Query: NC_012962:4427000 Photorhabdus asymbiotica, complete genome Lineage: Photorhabdus asymbiotica; Photorhabdus; Enterobacteriaceae; Enterobacteriales; Proteobacteria; Bacteria General Information: This strain is a North American clinical isolate from human blood. Photorhabdus asymbiota, formerly Xenorhabdus luminescens, has been isolated from human wound and blood infections often in association with spider bites. This species can also be isolated from the entomopathogenic nematode Heterorhabditis indica. Photorhabdus asymbiota is divided into two subspecies, subsp. australis which contains the Australian clinical isolates and subsp. asymbiota which contains the North American isolates. Photorhabdus is currently subdivided into three species, luminescens, temperate and asymbiotica all of which have been isolated as symbionts of heterorhabditid nematodes. This organism is unusual in that it is symbiotic within one insect, and pathogenic in another, the only organism that is known to exhibit this dual phenotype.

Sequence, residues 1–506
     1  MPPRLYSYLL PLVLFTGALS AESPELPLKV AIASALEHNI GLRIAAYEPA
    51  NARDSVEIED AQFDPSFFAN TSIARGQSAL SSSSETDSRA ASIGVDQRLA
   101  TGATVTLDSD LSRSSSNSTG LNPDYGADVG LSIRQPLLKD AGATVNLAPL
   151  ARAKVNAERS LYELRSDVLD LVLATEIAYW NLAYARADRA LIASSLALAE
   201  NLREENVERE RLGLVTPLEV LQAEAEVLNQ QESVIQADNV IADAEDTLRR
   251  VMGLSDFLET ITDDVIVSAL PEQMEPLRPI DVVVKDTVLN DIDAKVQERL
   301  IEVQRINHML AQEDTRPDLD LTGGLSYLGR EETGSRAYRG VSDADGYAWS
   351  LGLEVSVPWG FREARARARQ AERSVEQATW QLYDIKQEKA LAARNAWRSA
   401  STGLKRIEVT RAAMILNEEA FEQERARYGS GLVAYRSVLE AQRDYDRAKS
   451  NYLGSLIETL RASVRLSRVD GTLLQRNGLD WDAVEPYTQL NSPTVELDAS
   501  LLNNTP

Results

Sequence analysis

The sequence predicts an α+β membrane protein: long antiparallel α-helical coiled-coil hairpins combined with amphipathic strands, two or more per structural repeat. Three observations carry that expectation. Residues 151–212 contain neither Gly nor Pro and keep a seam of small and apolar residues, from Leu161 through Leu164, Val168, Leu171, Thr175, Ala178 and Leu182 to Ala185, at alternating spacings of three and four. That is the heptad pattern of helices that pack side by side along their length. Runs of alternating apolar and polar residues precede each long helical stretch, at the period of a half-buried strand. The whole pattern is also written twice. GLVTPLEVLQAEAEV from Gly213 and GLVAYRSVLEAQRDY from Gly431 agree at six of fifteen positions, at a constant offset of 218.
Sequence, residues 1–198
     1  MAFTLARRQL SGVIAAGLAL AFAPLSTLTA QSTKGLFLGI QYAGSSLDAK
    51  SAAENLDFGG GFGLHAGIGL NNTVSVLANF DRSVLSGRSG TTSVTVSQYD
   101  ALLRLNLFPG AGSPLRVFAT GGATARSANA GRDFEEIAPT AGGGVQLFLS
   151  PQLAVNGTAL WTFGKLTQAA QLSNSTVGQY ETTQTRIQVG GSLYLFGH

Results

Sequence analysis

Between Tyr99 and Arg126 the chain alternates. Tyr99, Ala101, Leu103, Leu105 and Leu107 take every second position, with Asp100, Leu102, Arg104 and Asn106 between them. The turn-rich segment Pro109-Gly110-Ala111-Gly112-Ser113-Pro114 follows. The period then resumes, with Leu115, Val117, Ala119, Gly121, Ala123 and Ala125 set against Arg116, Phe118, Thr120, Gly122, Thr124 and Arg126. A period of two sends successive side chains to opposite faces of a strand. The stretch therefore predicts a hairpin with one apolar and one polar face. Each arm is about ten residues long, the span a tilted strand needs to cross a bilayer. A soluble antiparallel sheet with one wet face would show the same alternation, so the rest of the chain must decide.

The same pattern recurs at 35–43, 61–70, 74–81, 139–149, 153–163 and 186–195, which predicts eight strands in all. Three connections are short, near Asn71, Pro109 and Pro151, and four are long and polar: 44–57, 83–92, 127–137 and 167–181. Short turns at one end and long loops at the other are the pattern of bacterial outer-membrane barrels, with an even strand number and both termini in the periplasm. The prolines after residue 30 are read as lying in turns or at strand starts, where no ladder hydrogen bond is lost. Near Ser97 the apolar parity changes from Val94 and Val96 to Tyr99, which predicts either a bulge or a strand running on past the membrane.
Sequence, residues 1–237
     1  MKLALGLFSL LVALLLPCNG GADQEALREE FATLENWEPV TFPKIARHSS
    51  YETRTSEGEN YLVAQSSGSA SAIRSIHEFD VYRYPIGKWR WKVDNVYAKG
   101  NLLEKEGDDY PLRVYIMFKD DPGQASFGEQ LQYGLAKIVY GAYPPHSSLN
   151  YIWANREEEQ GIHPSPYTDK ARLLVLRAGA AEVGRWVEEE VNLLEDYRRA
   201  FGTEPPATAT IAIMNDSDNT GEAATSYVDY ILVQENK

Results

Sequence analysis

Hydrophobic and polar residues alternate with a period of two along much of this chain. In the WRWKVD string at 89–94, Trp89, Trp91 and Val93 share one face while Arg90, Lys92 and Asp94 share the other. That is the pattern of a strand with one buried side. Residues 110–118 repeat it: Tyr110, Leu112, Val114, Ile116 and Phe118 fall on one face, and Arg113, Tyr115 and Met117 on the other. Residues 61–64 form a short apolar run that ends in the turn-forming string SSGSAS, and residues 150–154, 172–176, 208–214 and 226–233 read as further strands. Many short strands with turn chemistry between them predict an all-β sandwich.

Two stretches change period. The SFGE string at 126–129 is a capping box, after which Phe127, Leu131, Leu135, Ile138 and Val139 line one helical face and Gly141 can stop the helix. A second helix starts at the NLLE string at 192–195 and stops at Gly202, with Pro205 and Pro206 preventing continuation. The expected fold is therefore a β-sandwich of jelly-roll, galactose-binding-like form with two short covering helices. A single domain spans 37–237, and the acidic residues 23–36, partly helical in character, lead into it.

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General Information: This strain was isolated on Trinidad and Tobago. It is a symbiont of the nematode Heterorhabditis bacteriophora. Bioluminescent bacterium. This organism is unusual in that it is symbiotic within one insect, and pathogenic in another, the only organism that is known to exhibit this dual phenotype. Enzymes are then released by the bacteria that result in rapid degradation of the insect body, allowing both bacteria and nematode to feed and reproduce. During this period Photorhabdus luminescens releases bacteriocidal products, including antibiotics and bacteriocins, that prevent infection of the larva by competitive microbes. The result is promotion of Photorhabdus luminescens-nematode interactions that result in continuation of the symbiotic relationship. In order to engage in a symbiotic relationship with the nematode and a pathogenic one with the insect larva, the bacterium encodes specific factors that encourage both. These include a large number of genes that code for secreted toxins and enzymes, as well as genes that encode products for the production of antibiotics and bacteriocins. Secretion of these products occurs by an array of systems including type I, type II, and type III secretion systems. The type III system is closely related to the Yersinia plasmid-encoded type III system. Genes that promote symbiotic relationships are also encoded on genomic islands on the chromosome including some that affect nematode development. Virulence genes appear to be active during exponential growth. Symbiotic genes appear to function during stationary phase (post-exponential) growth. The switch from one state to another is controlled. Photorhabdus luminescens is capable of giving off light, a complex process that requires the products of the lux operon.